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By midlandsmovies, Aug 8 2017 09:41AM

Flatpack presents - Dudley Castle After Dark: An American Werewolf in Dudley

John Landis’ An American Werewolf in London brought packs of film fans out to a special screening of the highly influential horror-comedy.

Unlike last year's Bride of Frankenstein screening, the surrounding animals in Dudley Zoological Gardens were ominously quiet throughout. Perhaps with the werewolf in town, they were worried about their place on the food chain. Perhaps not. Although in recompense, there was a baby somewhere screaming with a mixture of terror and tiredness.

The evening opened with Howl, an eerie animated short detailing a true enfant terrible in the shape of a werewolf toddler. This was fittingly followed by the full length video for Michael Jackson's Thriller vanity project. Directed by John Landis after The King of Pop saw An American Werewolf in London, its balance of laughs, scares and nostalgia set the tone perfectly for the main feature.

After a personalised video greeting by the director himself ("On the way home, stay on the road"), we were straight onto the Moors. We join two American tourists as they walk into The Slaughtered Lamb, a pub which the residents of The Wicker Man’s Summerisle would probably regard as “a bit rough.” A swift exit sees them stranded in the back end of beyond, with something creepy closing in...

The film itself sees Rick Baker's 36 year old practical effects still looking surprisingly impressive on the big screen, no doubt holding up better than the many CGI efforts that have followed it. Besides the ground-breaking transformation of David (David Naughton), there's true horror to be found in the lycanthropic mauling and subsequent undead appearances of Jack (Griffin Dunne).

There are also genuine laughs to be had, as Jack’s incarnations become increasingly comical and gruesome throughout. The camaraderie between the male leads is infectious and the humour still stands up in front of a modern audience. Having said that the downbeat ending is still a shock to the system, but how could it all end happily?

After the moon rose and the darkness fell, projected pentagrams and candle flames crept along the castle walls, creating a sinister setting for the leaving audience. Such details, alongside Landis’ intro, thoughtful shorts and an inspired film selection, has seen Flatpack’s ‘Dudley Castle after Dark’ become an unmissable event in the Midlands' movie calendar.

Robb Sheppard

By midlandsmovies, Aug 6 2017 07:15PM

Who Put Bella in the Wych-Elm: The Untold Secrets

Pre-release Screening, 4th August 2017, Stourbridge Town Hall

The question of who put Bella in the Wych-Elm has both baffled and captivated the public since 1943, when the body of an unidentified female was found in the innards of a tree in Hagley Woods in the West Midlands.

Director and paranormal investigator Jayne Harris set about trying to solve this long-standing mystery and uncovered some shocking revelations along the way. Stourbridge Town Hall sold out early with four hundred people wanting to be the first to see the film that documents her findings.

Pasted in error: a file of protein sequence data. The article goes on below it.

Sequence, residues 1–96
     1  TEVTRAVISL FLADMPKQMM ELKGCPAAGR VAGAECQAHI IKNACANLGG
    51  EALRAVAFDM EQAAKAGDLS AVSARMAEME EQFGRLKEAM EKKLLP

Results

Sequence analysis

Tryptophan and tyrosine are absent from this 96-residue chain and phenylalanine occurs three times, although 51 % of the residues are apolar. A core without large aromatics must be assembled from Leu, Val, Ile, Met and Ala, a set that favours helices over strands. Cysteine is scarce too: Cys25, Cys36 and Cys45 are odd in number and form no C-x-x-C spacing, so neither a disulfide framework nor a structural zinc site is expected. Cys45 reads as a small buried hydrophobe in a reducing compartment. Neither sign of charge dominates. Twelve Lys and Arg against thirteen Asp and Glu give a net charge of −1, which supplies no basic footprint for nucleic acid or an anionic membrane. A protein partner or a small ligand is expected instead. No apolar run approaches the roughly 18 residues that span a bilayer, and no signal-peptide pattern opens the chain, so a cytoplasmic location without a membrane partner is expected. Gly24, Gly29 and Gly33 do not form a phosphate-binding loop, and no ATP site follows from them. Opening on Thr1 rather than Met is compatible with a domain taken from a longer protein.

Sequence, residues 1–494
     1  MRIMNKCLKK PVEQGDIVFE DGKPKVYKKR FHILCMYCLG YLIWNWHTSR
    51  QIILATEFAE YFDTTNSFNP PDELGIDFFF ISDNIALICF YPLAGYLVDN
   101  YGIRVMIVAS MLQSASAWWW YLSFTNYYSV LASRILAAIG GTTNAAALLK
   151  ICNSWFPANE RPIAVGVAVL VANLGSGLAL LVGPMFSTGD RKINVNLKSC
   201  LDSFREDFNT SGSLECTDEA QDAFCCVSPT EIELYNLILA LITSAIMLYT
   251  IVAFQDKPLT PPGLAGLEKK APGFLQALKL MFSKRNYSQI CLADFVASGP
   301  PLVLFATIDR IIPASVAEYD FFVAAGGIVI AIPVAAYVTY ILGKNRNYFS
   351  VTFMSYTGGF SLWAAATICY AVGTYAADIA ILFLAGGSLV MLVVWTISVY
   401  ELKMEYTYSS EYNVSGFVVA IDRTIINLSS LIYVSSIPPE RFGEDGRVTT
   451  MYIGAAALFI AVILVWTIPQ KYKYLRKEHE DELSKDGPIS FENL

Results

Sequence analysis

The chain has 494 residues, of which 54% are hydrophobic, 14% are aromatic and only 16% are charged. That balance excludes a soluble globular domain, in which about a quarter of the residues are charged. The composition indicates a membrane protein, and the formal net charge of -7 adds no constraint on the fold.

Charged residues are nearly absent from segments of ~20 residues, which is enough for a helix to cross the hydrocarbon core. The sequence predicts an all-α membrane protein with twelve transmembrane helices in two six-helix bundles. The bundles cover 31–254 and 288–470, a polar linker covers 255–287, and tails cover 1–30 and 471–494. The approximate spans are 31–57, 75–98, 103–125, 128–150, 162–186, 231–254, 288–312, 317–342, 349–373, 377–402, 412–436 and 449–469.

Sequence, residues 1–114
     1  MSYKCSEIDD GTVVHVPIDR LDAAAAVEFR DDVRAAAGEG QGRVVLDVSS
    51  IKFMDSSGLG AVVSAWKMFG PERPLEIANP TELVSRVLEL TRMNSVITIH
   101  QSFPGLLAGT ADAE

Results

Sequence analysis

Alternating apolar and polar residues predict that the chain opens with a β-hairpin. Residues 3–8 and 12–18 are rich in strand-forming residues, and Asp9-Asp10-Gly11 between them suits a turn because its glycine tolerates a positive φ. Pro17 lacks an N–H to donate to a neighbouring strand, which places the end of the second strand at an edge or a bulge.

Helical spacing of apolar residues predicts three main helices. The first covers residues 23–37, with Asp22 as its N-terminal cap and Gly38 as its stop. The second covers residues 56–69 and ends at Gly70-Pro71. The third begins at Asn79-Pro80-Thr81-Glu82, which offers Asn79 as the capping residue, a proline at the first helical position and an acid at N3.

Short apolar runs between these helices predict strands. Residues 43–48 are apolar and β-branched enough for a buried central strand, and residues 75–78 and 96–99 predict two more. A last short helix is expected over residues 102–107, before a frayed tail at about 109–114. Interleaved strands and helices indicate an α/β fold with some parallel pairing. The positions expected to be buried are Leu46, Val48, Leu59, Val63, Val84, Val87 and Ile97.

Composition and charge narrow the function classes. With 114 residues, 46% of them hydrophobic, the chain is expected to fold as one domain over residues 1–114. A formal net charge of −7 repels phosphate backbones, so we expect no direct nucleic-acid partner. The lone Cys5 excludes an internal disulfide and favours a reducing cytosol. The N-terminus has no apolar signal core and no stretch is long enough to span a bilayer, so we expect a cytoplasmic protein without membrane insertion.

A director’s introduction detailed the evolution of the project, from YouTube clip to documentary feature before the audience was introduced to the case. Harris opened the introduction with claims that she isn’t a filmmaker. This is an assertion which needs to be reassessed.

The sheer wealth of material that has been excavated and created is staggering: Soaring aerial expositional shots of Hagley and its surrounding areas situate the audience slap-bang in the middle of the crime scene; ‘misplaced’ post-mortem documents were dug up and acted recreations were used effectively, never once evoking that unintentional ‘Horrible Histories’ feel that hampers some documentaries. Seamlessly put together, exhaustively researched and passionately presented, this wouldn’t look out of place under the Documentaries tab on Netflix.

Talking heads interviews with case experts and witchcraft aficionados translate as authoritative and impartial and are all the more engrossing for it. However, the medium’s insight does ask a lot of the audience, leaving this pragmatist somewhat sceptical and wishing the film was five minutes shorter.

However, depending on your inclination this and the eyewitness accounts of ghostly figures in the area will either send you running for the Wychbury hills…or running for the hills.

Although a few audio issues with the venue detracted from the presentation, it was inspiring to hear so many audience members discussing their thoughts and theories in the lobby after the film. This is clearly a case which captures the imagination and to see it in such an environment (a stone’s throw or two from the crime scene) separates this from your run-of-the-mill multiplex experience.

That the story invites such engagement is unsurprising; it’s delightfully dark and rich for exploration. Who was Bella? A prostitute, a traveller, a German intelligence agent? What about the actual killer? Was it ritualistic witchcraft, a local cover up or even Mi5 influenced? You’ll have to see it to find out for yourself.

Bella will haunt Stourbridge Town Hall again at a further screening on the 31st of October. Links to tickets will soon be available here

The DVD of Who Put Bella in the Wych-Elm is available to order here with bonus features which include copies of the original police files/photographs and an interview with Director & Producer Jayne Harris.

Robb Sheppard

By midlandsmovies, Aug 4 2017 07:49AM

Midlands Movies speaks to local legend Thomas Hodge aka The Dude Designs who for years has been respected as one of the best alternative poster designers out there but who now has taken his first steps into making his very own film.